What took them so long? Mixmag FINALLY write something about Eric Prydz’s hopelessly vague comments on the techno genre – over two weeks after he said it!

As I said a few weeks ago, I’m very proud of what’s being created on this blog. I’m also particularly impressed with the fact that a one-man operation is basically able to outdo the dance music press – it just shows you in what a dire, moribund state the rest of them are.

I managed it a few weeks ago by reporting on Scotland’s reopening of nightclubs an entire week before Resident Advisor, under the truly disappointing editorial stewardship of Whitney Wei. And I’ve managed it again by reporting on Eric Prydz’s comments on the genre of techno on September 9th – a full ten days before Mixmag.

I have absolutely no idea why it’s taken them so long to write something about this, given some of the dross they’ve published lately – an article about Nile Rodgers falling in love with a Scouse canal made it onto the website last week.

Still, it’s not all bad – I note at the end of the article it states it was written by “Mixmag’s Weekend Editor”. I was surprised to discover this position has existed since at least January 2020, given the fact new content almost never appears on Mixmag’s site during the weekend. A great irony considering dance music culture is most alive on Friday and Saturday nights…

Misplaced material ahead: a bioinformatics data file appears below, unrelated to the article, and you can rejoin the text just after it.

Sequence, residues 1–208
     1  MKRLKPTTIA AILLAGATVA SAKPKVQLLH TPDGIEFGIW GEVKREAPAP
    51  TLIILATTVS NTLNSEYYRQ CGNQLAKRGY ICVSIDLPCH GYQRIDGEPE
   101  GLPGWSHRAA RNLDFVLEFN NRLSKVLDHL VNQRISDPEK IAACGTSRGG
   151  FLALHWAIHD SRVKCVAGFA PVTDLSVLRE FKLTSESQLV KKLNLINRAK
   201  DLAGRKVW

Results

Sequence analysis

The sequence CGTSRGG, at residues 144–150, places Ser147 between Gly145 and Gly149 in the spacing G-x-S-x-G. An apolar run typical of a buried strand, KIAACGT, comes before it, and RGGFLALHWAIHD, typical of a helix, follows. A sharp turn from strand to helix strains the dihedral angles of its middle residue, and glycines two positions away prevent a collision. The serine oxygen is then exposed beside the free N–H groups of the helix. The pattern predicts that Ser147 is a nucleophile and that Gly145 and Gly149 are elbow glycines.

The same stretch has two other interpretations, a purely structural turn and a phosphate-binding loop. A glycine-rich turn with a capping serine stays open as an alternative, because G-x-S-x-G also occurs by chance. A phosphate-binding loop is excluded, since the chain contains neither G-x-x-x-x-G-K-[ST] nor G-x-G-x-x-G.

And judging by their Eric Prydz article – which offers nothing new at all to the debate – it looks like I can continue sleeping easily at night. Especially on the weekends…

Eric Prydz’s fear of flying means less time in the air, but no slacking on the luxury – so is there a lesson here for gas-guzzlers like Richy Ahmed and Louie Vega?

Last week, whilst everyone rowed over comments by Eric Prydz that techno was one thing until 2005 and then became something else, some people took a peek at the rest of his social media feeds. And they contain an awful lot of pictures of Prydz himself lounging in business class on long-haul flights.

Now, this blog has no problem with anyone getting a bit of enjoyment out of their money. Regardless of any debates, Prydz has done well for himself, so the fact he likes travelling in style doesn’t particularly bother me. But here’s where things get curious.

Prydz has a well-known fear of flying. He hates it, pure and simple. This meant in the earlier years of his career, it was extremely rare to see him performing outside Europe. The way he manages this now is to organise tours in such a way he has to take as few as possible.

However, when he does fly, he does it in style – paying that extra bit to get into business class. This solution reduces the number of flights he has to take and probably still saves him money even when those little extras are taken into account. The polar bears can continue living, and Prydz saves time and money. Just as well he’s saving money, I suppose…

Prydz knows nothing about lots of things. Techno music being one, letting granny die of Covid-19 being another. Remember this Twitter exchange?